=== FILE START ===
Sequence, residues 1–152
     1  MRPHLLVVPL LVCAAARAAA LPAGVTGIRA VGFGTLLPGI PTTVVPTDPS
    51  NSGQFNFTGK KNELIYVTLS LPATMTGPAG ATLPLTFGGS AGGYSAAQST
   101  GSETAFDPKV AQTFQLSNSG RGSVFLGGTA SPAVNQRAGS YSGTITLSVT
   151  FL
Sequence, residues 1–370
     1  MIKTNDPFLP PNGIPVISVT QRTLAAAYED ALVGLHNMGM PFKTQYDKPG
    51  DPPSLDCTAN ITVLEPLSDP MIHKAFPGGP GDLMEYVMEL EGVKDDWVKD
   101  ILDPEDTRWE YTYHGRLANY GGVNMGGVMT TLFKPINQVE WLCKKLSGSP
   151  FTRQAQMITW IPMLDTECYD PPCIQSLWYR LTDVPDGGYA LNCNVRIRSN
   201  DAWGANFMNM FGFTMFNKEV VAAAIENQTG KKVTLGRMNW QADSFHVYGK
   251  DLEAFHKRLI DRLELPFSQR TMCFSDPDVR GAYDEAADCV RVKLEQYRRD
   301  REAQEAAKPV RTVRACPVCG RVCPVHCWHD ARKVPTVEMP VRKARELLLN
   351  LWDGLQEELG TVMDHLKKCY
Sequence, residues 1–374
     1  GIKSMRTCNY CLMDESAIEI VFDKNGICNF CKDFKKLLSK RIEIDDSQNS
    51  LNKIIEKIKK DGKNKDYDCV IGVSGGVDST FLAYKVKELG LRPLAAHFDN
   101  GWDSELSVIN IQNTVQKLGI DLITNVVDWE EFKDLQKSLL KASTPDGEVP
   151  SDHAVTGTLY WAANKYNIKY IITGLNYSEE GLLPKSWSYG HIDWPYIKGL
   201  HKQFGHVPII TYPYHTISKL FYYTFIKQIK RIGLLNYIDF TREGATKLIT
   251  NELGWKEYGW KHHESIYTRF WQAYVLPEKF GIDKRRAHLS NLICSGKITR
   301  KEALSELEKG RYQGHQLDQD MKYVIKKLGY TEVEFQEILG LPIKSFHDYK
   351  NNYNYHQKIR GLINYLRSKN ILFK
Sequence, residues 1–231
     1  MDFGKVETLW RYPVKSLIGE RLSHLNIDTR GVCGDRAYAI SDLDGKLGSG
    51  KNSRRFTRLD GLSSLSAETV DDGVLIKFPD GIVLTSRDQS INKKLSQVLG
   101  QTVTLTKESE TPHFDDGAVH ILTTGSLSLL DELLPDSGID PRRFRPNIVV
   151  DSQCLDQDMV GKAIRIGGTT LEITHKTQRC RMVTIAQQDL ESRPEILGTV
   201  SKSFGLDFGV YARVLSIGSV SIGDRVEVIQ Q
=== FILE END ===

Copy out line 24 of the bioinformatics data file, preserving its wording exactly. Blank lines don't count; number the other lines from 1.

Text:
Sequence, residues 1–231